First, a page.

Mars is many millions of miles away, but it’s not always as far away as you think. The powerful scientific instruments we’ve deployed to the Red Planet can occasionally give us a glimpse of our own humble planet from a different perspective. NASA has just released a new image that shows Earth and the Moon as seen from Mars, courtesy of the High Resolution Imaging Science Experiment (HiRISE) camera on NASA’s Mars Reconnaissance Orbiter (MRO).
As the name implies, the Mars Reconnaissance Orbiter is in orbit of the Red Planet, and has been since 2006. It was launched in 2005 after being built by Lockheed Martin. This satellite has proven invaluable in analyzing the surface of Mars with visible light cameras, radar, and spectrophotometers. It even snapped a photo of Curiosity parachuting down to Mars in 2012.
This newly released photo of our pale blue dot is a product of the satellite’s HiRISE camera, which is technically a telescope with a 0.5 meter reflecting mirror. This is the largest telescope ever carried on a deep space mission. It has a resolution of 1-foot per pixel at an altitude of 190 miles (300km). That’s even higher than most satellite images of Earth.
HiRISE captures images in three wavelengths: infrared, red, and blue-green. These are shifted down to red, green, and blue in visible light images like the one above. This is actually composed of two separate images acquired on November 20th, 2016. They were processed separately in order to preserve the individual brightness of each body so the details would be visible. The position and size are accurate when viewed from the orbiter’s position at Mars some 127 million miles away at the time of the photo.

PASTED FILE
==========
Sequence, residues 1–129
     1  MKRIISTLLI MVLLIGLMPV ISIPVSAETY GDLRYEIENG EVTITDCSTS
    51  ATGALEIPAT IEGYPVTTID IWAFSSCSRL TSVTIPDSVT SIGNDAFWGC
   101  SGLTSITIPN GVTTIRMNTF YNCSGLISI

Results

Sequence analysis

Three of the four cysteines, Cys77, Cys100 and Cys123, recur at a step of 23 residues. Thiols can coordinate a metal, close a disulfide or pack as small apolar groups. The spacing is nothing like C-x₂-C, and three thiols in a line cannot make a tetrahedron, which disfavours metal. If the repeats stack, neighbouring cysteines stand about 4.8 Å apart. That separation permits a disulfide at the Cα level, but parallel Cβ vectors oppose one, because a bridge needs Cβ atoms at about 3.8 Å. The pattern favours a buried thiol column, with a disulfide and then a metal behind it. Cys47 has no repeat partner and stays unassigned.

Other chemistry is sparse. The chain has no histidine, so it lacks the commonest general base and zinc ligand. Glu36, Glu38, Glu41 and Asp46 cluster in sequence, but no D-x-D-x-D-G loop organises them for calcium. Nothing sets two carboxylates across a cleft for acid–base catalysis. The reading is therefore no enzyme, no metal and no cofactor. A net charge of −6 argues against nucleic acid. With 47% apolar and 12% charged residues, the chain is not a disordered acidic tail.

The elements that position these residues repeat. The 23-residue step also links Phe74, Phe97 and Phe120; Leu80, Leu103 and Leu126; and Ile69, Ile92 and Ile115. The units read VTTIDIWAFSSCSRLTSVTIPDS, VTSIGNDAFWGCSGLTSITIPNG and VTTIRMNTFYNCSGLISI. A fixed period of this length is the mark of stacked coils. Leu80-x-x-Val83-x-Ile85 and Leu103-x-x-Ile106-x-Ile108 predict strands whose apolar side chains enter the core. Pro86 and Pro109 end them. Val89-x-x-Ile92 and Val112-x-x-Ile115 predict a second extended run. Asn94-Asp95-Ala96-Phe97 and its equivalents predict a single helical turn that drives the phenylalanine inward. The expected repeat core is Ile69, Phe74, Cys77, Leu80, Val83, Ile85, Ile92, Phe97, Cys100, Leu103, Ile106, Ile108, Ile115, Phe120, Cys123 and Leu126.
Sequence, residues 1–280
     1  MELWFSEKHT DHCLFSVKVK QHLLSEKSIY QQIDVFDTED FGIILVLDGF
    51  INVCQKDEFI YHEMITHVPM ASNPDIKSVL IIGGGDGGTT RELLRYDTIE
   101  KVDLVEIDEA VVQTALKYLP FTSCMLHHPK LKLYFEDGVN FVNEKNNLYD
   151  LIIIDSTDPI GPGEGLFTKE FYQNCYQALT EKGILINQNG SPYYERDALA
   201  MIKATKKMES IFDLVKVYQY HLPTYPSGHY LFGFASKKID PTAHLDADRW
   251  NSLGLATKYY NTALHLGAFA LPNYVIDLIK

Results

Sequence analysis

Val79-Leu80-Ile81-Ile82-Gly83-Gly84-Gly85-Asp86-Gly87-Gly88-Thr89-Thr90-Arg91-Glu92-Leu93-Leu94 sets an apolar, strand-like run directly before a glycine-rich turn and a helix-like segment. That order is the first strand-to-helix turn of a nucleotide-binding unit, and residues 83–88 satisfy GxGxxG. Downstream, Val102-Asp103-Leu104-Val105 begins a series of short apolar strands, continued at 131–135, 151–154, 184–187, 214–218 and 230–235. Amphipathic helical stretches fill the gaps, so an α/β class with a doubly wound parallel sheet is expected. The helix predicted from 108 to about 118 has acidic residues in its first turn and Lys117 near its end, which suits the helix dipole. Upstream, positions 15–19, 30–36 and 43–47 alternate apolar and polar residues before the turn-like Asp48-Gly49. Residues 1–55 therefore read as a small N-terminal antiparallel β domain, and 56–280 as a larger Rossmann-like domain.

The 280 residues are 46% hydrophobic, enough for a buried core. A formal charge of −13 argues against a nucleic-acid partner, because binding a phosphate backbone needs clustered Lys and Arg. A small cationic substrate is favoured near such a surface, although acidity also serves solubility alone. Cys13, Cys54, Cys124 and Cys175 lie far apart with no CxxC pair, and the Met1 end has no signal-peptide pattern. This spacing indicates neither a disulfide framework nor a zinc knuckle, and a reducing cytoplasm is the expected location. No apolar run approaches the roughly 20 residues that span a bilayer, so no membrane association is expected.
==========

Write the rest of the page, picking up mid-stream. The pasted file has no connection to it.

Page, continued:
The careful processing of the two images into the one at the top of this article makes the details easier to see. The brown shape in the middle of the Earth is Australia, and above that you can see Asia wrapping around the horizon. Asia has a more reddish tone due to the presence of vegetation, which is less prevalent in much of Australia. Down at the bottom you can see the bright white bulk of Antarctica peeking up.
The Mars Reconnaissance Orbiter had an original mission duration of two years, but it’s lasted much longer. NASA doesn’t have a firm end date in mind yet. In fact, MRO was just recently re-positioned into a new orbit to provide support to the InSight lander. That mission should reach Mars by November of 2018.